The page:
Drug Delivery to Targets in the Gastrointestinal Tract

Technology #ua16-219

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Categories
Researchers
Eugene Mash, Jr.
Professor, Chemistry & Biochemistry
Pawel Kiela
Associate Professor, Pediatrics
Fayez Ghishan
Department Head, Pediatrics
Managed By
Paul Eynott
Sr. Licensing Manager (520) 621-2878

Title: Drug Delivery to Targets in the Gastrointestinal Tract

 

Invention: The invention is a scaffold molecule and a method for using the molecule to deliver active drug molecules to targets in the body. The sucrose-derived scaffold molecule delivers the drug to target sites and releases the drug molecules based on environmental factors, which improves efficacy and reduces side effects.

Background: Throughout their research, the inventors conducted two experiments. The first describes 5-aminosalicylic acid delivery to the GI tract using a sucrose-derived scaffold molecule. The second describes the same scaffold molecule as a carrier for a contrast agent to be used in MRIs. Both of these experiments were carried out in mice and performed better (fewer side effects, higher contrast) than common agents for the same tasks.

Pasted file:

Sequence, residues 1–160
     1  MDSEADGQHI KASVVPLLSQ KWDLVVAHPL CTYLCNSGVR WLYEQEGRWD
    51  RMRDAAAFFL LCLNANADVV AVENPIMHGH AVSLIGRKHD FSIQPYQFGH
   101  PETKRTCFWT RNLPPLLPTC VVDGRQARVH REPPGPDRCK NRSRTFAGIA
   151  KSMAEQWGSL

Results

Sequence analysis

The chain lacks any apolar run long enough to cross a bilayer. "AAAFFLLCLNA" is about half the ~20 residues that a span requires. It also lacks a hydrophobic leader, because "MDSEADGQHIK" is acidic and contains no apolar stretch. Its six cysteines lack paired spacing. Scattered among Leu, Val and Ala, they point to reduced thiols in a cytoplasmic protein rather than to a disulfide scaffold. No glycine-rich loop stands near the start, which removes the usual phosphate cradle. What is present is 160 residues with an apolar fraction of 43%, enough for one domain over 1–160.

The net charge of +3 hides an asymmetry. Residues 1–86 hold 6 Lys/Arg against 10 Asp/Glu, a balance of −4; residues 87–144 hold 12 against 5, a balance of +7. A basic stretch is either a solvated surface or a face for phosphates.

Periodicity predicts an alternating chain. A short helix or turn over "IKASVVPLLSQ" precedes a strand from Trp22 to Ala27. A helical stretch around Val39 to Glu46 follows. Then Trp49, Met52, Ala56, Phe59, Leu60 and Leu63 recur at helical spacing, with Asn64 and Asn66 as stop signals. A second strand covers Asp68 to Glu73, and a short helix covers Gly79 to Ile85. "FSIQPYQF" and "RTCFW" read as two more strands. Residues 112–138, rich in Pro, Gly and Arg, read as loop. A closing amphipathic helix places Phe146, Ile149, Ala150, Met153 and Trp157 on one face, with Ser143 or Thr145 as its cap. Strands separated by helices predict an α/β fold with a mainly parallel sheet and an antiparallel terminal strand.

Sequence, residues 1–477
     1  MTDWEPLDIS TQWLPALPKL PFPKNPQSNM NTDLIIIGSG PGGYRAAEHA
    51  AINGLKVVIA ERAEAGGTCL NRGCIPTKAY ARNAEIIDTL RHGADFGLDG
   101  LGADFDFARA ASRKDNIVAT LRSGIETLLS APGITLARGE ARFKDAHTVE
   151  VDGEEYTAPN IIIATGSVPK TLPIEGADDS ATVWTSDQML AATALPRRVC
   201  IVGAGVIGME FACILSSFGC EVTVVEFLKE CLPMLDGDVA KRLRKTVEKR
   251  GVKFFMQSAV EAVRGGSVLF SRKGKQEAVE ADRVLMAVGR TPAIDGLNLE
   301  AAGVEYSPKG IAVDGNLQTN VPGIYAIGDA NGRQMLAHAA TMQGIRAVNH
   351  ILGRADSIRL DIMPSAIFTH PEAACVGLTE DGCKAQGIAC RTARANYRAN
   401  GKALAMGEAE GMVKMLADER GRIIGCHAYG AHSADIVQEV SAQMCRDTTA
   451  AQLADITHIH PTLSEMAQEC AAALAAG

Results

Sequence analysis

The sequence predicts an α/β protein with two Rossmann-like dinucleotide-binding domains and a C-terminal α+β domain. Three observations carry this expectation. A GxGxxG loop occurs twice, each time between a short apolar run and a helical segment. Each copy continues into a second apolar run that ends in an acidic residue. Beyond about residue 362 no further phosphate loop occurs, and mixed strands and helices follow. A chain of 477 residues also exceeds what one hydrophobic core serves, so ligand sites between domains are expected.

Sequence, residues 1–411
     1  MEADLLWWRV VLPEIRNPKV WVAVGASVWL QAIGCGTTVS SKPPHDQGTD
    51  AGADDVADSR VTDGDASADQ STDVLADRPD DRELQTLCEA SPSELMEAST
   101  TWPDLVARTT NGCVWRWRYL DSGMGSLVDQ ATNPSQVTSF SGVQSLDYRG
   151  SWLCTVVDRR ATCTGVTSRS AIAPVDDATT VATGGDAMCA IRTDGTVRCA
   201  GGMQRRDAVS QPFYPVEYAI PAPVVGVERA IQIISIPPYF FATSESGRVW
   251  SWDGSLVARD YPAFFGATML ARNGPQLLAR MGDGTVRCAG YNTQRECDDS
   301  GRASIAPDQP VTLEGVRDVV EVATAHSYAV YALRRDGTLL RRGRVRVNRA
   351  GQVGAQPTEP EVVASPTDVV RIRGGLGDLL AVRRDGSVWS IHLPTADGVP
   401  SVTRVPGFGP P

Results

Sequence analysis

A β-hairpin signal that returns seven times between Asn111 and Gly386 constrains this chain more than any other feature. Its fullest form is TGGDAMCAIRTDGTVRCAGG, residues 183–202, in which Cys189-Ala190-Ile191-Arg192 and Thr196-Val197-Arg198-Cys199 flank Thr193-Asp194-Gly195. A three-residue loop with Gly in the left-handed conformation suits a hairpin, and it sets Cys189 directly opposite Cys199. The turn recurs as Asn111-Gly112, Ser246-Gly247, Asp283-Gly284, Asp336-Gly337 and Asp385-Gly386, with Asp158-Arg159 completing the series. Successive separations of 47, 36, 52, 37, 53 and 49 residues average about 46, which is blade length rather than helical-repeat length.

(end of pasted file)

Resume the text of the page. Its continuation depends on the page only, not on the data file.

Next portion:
Applications:

  • Improvement of treatment effects across a broad range of drugs and targets
  • Reduction of side effects across a broad range of drugs and targets

 

Advantages:

  • Both the active drug molecules and target-sensing groups on the scaffold complex can be replaced to better suit the needs of each new drug
  • Greater drug availability at the target site in the body
  • Fewer and less severe side effects while improving efficacy
  • Derived from a common sugar
  • Modular with respect to drug and target

 

Licensing Manager: 

Paul Eynott

PaulE@tla.arizona.edu

(520) 626-1557